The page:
Yale Fourth at Mark Young Invitational

Emily Urciuoli. (photo by Sam Rubin '95, Yale Sports Publicity)
Emily Urciuoli. (photo by Sam Rubin '95, Yale Sports Publicity)

Mathews, Wilson Set New School Records

NEW HAVEN, Conn.—This Saturday, Yale women's track and field hosted the annual Yale Mark Young Invitational at the Dewitt Cuyler Athletic Complex. The Bulldogs walked away from their first home meet with their best outcome of the season to date, placing fourth overall with 98.33 points. Dartmouth won the meet (113.50 points), which had 11 competitors in all. 

Two Bulldogs broke their own schools records on Saturday. Sophomore Mackenzie Mathews, competing in the 100-meter hurdles, ran a time of 14.43—the fastest in Yale history. Her record-breaking run snagged her third place and six points in a competitive field of 27 contenders. Sophomore Karleh Wilson was the second Bulldog to earn a mark never before achieved. She increased her previous record in the shot put of 14.29m to 14.59m (47-10.50)—nearly an entire foot more than E. Davis, who held the record before Wilson. Wilson's mark further earned her third place and six points for the team.

Senior captain Amanda Snajder also competed in the 100-meter hurdles, earning a time of 15.06 and placing eighth. She then continued on to join Wilson in the shot put. Her mark of 9.07m (29-09.35) was good for 15th place.

Yale's short sprinters also had noteworthy performances on Saturday. Senior Kelsey Lin set a new personal best in the 100-meter dash at 12.48 (7th place), followed by Mathews in 12.74. In the 200-meter dash, junior Emily Cable ran the 4th-best time in Yale history, 24.33. She claimed third place among 31 contenders, earning six points. Lin followed in 26.16.

A pack of Bulldogs competed in both the 800-meter and 1,500-meter runs. Freshman Emily Waligurski led a group of five in the shorter distance. She beat out 30 competitors to win the event, earning 10 points and a time of 2:14.71. Freshman Frances Schmiede was next to cross the line in 2:17.16—taking third place and snagging six points for her team. Sophomore Grace Brittan (9th—2:20.75) and junior Alyssa LaGuardia (18th—2:28.82) followed, while Snajder rounded out the squad in 2:30.00 (19th).

The 1,500-meter run resulted in a similar outcome. Sophomore Shannon McDonnell stole first place and 10 points in 4:34.13. Senior Sarah Barry finished not far behind in third, claiming six points and a time of 4:36.03. Sophomore Elizabeth McDonald also brought in points for her team, taking sixth place with her time of 4:38.61 (three points). McDonald's time marks a new personal best—continuing the trend of steady improvement she has seen this season. In 9th place with a time of 4:41.19 was junior Emily Stark, racing in an event much shorter than those she typically competes in. Fellow junior Anna Demaree's finish of 4:48.50 was a season best (11th place) and just milliseconds ahead of senior Liana Epstein (14th—4:59.09). Freshmen Jennie Callan and Emily Barnes crossed the line at exactly the same second, thus earning an identical time of 5:09.18, a personal best for Callan.

As expected, junior Kira Garry took up her place in the 3,000-meter steeplechase. Her first-place finish of 10:34.15 added 10 points to the team's score. In winning the event, Garry bested 10 competitors, many from the Northeast Region.

Two Yale competitors in the high jump—Snajder and sophomore Megan Toon—claimed season-best marks. The duo tied for second place, both at 1.60m (5-03.00), while freshman Lillian Foote placed 10th (1.50m or 4-11.00). Yet another top finish went to senior Emily Urciuoli in the pole vault, who posted a mark of 3.55m  (2nd—11-07.75). Sophomore Renee Vogel was 5th with a mark of 3.40m (11-01.75). Both Bulldogs contributed to the overall team score.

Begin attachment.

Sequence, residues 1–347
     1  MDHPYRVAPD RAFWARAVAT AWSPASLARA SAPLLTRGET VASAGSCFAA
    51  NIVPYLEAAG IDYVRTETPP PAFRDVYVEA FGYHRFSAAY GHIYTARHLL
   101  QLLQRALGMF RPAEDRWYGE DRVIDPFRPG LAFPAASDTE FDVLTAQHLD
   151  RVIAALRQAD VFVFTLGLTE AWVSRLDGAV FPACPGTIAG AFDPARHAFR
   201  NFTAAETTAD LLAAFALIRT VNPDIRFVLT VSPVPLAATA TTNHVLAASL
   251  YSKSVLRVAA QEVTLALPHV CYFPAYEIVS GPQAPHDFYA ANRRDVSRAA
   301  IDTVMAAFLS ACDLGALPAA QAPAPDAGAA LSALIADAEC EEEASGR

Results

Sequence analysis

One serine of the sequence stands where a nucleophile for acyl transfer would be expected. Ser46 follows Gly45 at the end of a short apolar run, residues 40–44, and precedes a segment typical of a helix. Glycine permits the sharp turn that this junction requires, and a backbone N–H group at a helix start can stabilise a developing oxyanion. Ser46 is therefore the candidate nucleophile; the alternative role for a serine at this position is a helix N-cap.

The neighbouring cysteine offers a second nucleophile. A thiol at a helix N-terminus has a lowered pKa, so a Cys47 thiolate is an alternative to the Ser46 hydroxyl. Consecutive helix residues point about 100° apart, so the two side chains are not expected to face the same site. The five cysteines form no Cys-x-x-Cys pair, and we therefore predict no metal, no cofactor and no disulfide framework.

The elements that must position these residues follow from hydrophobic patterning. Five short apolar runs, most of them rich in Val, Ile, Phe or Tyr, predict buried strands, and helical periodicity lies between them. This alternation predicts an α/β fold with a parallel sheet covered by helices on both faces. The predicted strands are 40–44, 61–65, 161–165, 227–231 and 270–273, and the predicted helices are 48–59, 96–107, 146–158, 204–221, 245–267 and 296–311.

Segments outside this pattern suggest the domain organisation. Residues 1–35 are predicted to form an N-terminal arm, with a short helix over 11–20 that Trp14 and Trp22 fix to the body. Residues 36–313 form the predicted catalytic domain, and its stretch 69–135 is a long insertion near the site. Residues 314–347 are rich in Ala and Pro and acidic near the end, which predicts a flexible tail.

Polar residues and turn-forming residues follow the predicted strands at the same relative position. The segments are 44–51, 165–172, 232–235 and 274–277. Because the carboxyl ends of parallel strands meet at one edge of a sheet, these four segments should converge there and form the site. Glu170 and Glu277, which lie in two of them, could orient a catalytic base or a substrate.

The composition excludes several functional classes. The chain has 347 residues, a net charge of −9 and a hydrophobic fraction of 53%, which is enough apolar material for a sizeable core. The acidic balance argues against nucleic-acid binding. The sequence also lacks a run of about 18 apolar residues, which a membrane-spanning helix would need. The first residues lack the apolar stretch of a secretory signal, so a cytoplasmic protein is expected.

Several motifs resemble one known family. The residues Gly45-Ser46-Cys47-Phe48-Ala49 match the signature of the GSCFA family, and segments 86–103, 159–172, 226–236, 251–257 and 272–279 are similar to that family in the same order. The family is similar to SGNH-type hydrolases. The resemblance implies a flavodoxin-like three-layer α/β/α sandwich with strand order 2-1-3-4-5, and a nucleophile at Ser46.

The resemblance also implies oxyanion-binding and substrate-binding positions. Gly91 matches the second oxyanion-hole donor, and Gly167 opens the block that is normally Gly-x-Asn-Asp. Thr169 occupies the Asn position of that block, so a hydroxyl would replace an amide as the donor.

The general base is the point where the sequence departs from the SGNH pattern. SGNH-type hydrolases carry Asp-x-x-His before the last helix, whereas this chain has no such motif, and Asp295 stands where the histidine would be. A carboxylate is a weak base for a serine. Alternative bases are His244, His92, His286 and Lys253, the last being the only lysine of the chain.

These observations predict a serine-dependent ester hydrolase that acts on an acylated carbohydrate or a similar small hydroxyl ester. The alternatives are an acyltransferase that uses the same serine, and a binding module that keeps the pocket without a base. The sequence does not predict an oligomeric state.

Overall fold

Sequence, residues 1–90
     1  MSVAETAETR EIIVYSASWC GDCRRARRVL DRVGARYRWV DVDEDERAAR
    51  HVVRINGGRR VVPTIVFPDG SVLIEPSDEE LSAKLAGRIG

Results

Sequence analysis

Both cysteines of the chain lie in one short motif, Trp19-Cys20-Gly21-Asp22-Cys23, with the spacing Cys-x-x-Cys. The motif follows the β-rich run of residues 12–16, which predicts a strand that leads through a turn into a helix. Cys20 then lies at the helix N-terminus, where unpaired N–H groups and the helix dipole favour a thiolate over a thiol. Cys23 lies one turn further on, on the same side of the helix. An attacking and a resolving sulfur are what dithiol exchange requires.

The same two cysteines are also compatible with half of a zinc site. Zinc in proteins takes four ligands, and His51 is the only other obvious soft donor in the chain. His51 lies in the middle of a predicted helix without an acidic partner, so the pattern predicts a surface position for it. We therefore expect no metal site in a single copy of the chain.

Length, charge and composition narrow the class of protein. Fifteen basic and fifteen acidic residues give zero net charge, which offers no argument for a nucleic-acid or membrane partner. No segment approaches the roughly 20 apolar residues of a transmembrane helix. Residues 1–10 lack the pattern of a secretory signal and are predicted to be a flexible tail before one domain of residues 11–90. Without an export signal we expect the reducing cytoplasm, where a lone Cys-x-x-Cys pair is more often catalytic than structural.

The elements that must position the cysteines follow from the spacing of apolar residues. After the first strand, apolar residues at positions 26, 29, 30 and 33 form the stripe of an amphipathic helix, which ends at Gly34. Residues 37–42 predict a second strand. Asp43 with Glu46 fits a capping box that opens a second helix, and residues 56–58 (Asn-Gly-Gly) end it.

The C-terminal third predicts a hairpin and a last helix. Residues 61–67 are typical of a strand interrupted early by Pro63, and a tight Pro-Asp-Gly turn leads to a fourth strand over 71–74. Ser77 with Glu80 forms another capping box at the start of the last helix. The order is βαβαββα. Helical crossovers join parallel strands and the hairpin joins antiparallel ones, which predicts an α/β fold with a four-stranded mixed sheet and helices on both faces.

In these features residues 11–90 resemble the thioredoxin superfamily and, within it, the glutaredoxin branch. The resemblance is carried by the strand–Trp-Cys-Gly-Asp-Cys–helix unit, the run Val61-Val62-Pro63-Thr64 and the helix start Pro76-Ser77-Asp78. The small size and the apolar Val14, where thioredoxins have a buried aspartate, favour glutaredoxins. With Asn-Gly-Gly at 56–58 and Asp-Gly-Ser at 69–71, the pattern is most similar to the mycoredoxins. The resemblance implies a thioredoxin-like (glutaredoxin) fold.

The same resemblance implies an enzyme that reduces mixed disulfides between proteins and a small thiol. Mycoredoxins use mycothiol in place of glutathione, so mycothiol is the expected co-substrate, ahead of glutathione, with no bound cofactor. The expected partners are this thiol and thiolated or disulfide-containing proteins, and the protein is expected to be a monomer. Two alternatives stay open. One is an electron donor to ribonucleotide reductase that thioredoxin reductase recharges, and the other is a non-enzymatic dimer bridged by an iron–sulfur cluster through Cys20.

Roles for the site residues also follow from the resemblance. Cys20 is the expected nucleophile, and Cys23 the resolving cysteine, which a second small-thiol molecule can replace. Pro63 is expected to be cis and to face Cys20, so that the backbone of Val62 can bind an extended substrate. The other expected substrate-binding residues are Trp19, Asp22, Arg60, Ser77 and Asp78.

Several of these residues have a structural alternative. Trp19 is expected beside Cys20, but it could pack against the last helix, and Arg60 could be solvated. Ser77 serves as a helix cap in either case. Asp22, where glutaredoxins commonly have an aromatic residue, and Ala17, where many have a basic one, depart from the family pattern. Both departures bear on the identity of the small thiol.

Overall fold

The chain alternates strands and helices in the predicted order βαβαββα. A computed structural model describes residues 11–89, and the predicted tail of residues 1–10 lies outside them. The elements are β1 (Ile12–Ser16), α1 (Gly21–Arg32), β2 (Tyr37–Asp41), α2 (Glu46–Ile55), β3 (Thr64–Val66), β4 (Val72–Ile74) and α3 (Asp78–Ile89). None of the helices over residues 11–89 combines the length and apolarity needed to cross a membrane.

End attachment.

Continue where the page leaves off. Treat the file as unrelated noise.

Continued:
In the long jump, junior Alisha Jordan beat out 22 competitors to place second, nabbing a season-best mark of 5.58m (18-03.75). Junior Elle Brunsdale was 15th, leaping a distance of 5.04m. Senior Teresa Parent took 16th in her best mark of the season, 4.96m (16-03.25), while freshman Rachel Wofford followed in 17th (5.16m or 16-00.50).  Meanwhile, competing as the sole Bulldog in the triple jump, senior Kristen Proe leapt a distance of 10.84m (35-06.75—10th place). 

In addition to her stellar performance in the shot put, Wilson also added a personal best in the hammer throw to her list of accomplishments. Her mark of 48.78m (5th—160-00) is the seventh-best in Yale history. She just barely edged out sophomore Taylor Eldridge (12th—45.85m), who currently holds the eighth-best mark on Yale's top-10 lists. Freshman Kate Simon also tried out her hand in the event. She claimed a new personal-best mark of 43.01m (141-01), which was good for 15th place. Finally, in the javelin throw, Toon place 18th (25.36m or 83.02), while Brunsdale was 21st (23.83m or 78-02).

Report by Maria Seravalli '16, Yale Sports Publicity

The Mark Young Invitational is named for Yale's legendary Director of Cross Country and Track and Field Mark T. Young '68, who coached at the school for 31 years between 1980 and 2011. Young served as captain of Yale's track and field team as a student and led the team to an outdoor Ivy League Heptagonal Championship during his senior year. As coach at Yale, Young led the Bulldogs to six Ivy League Heptagonal Championships and four top-10 finishes at the NCAA Championships in women's cross country. The Elis also won four ECAC titles under Young's guidance. Young was named the national Cross Country Coach of the Year and NCAA District I Outdoor Track Coach of the Year in 1987, when he led Yale to a third-place finish at the NCAA Championships and a first-place finish in the outdoor Ivy League Heptagonal Championships. Young's influence and tremendous success extended well beyond New Haven, and he served as an assistant coach for the United States Track and Field Team in the 2000 Olympics.